• Certain types of thiazide diuretics can contribute to hyperglycemia and metabolic dysfunction in patients with T2DM. The preferred thiazide agents include chlorthalidone (Thalitone) and indapamide (Lozol), as they carry a reduced risk for these metabolic effects than thiazide diuretics such as hydrochlorothiazide (HCTZ).
  • Beta-blockers are indicated for patients with a prior MI, HF, or active angina. However, they have not been shown to reduce mortality in patients without these conditions.

For patients with resistant hypertension (defined as a BP ≥140/90 mmHg despite a therapeutic strategy that includes lifestyle modifications and three classes of antihypertensive medications, including a thiazide-like diuretic), adding a mineralocorticoid receptor antagonist (MRA) should be considered as an additive to existing treatment with an ACEI or ARB, thiazide-like diuretic, and CCB. However, before diagnosing resistant hypertension, clinicians should confirm the absence of any barriers that may impair adherence to the existing antihypertensive medication regimen and the potential for secondary hypertension. The ADA Professional Practice Committee (2022a) makes the following recommendation for patients with confirmed resistant hypertension:

  • MRAs should be reserved for managing resistant hypertension. These agents should be added to the patient's existing treatment with an ACEI or ARB, thiazide-like diuretic, and CCB (B).

Numerous studies have demonstrated that primary aldosteronism and hyperaldosteronism are common in patients with resistant hypertension. MRAs, also referred to as aldosterone antagonists, have well-established benefits regarding their efficacy in managing resistant hypertension. MRAs effectively act on the renin-angiotensin-aldosterone pathway, providing CV and renal protection. Spironolactone (Aldactone) and eplerenone (Inspra) are the most extensively studied MRAs in managing resistant hypertension. MRAs are classified as potassium-sparing diuretics, as they prevent the body from absorbing too much salt and avert potassium excretion. These drugs bind to the androgen receptors to prevent their interaction with testosterone. Therefore, typical side effects include gynecomastia, breast pain, erectile dysfunction, and menstrual irregularities, occurring in up to 9% of patients and reversible upon drug discontinuation (Yugar-Toledo et al., 2017).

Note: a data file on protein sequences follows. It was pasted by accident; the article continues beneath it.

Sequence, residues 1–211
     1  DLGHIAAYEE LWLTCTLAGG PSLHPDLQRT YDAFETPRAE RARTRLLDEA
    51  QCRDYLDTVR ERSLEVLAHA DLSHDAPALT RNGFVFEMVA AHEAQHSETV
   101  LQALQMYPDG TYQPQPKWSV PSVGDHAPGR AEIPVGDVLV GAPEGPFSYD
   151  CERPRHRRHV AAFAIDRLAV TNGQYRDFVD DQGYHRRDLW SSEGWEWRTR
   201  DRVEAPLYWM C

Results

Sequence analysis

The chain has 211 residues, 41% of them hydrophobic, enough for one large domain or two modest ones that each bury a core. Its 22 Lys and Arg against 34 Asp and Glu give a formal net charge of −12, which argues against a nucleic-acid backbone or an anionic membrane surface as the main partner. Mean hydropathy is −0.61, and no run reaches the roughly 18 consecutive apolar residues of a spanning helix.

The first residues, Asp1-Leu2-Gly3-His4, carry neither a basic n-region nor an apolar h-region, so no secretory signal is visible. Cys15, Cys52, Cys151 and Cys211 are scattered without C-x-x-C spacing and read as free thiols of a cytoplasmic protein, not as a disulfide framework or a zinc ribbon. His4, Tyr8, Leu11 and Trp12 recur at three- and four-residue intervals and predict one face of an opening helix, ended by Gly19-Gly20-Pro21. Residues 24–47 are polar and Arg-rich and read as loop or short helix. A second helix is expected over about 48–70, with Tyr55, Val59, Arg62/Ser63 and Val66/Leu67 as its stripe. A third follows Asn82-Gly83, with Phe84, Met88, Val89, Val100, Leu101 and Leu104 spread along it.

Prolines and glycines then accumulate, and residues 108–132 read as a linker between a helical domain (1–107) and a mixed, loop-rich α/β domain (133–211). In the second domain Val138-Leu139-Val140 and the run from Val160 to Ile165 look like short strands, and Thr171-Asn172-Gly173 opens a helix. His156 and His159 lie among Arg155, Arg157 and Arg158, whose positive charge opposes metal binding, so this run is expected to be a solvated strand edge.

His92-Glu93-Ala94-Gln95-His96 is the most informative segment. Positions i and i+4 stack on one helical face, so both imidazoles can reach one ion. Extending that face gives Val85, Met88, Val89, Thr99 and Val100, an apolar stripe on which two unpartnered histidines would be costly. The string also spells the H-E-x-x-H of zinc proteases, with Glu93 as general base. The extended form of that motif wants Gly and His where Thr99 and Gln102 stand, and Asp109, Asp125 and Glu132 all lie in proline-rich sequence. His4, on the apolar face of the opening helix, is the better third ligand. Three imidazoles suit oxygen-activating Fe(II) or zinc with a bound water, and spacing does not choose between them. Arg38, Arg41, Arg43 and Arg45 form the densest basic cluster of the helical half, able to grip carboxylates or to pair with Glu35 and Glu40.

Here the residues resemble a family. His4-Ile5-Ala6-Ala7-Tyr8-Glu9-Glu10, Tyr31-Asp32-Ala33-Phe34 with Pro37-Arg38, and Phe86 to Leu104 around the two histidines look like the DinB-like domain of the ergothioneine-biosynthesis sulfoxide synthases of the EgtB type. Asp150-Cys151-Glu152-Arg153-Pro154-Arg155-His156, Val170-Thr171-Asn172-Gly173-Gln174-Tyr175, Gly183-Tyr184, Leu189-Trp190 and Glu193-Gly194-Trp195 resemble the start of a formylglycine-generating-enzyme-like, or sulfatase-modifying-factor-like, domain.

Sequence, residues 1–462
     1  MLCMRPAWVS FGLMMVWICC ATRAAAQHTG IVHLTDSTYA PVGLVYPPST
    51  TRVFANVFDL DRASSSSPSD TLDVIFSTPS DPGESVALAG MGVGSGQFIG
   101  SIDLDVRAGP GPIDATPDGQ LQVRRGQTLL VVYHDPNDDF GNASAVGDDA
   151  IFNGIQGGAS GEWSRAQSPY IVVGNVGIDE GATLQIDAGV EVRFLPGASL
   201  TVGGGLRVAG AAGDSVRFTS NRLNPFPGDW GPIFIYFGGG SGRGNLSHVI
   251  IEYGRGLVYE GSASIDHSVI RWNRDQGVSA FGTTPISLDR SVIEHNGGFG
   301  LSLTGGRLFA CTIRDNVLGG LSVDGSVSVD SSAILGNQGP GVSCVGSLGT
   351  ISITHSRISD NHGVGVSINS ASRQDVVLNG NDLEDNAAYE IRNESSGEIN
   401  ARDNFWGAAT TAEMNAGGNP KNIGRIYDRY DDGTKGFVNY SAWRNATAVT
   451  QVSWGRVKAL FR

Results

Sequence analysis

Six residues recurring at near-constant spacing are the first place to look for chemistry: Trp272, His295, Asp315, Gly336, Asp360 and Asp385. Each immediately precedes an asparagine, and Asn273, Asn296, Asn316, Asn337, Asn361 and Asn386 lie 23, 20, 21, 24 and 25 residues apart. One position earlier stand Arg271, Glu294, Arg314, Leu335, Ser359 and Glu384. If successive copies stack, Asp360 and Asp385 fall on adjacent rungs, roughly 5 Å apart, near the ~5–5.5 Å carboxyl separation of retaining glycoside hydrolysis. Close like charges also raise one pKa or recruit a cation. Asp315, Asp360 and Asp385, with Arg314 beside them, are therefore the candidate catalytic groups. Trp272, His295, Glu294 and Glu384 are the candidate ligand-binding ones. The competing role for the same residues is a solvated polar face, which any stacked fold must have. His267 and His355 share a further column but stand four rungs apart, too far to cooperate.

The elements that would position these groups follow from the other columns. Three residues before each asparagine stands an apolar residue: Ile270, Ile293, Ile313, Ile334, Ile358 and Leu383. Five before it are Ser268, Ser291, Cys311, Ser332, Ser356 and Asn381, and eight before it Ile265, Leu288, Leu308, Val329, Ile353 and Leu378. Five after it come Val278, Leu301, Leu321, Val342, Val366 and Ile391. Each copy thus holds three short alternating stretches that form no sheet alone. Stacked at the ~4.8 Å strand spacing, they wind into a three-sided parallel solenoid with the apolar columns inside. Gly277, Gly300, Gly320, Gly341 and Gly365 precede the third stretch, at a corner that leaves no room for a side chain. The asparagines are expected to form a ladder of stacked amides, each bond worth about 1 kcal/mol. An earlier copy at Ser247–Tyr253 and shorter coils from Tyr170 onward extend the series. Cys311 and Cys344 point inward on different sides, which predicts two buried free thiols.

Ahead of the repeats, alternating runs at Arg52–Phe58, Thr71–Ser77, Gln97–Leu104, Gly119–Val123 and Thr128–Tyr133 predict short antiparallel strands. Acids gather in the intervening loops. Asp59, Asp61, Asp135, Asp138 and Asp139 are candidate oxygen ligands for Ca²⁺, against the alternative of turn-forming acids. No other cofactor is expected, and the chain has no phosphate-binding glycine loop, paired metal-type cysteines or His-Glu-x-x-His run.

These side effects are most common with spironolactone (Aldactone), the prototype of MRAs, which has been the subject of numerous studies over time with demonstrated efficacy. Spironolactone (Aldactone) is much more potent than eplerenone (Inspra), a second-generation selective MRA. Eplerenone (Inspra) carries a higher affinity for the mineralocorticoid receptor and a lower affinity for androgen receptors than spironolactone (Aldactone). While it poses a lower risk of adverse effects, it is more expensive. MRAs can also reduce albuminuria and have additional CV risk reduction benefits. The most common adverse effect among all MRAs is hyperkalemia, so monitoring serum creatinine and potassium levels is strongly advised. Additional side effects include drowsiness, lightheadedness, blurred vision, nausea, vomiting, diarrhea, headache, increased thirst, and orthostatic hypotension. Newer data have suggested that MRAs may provide preferential benefits in treating obesity-related hypertension, particularly in individuals with high dietary sodium intake (ADA Professional Practice Committee, 2022a; Dudenbostel & Calhoun, 2017; Leopold & Ingelfinger, 2023; Yugar-Toledo et al., 2017).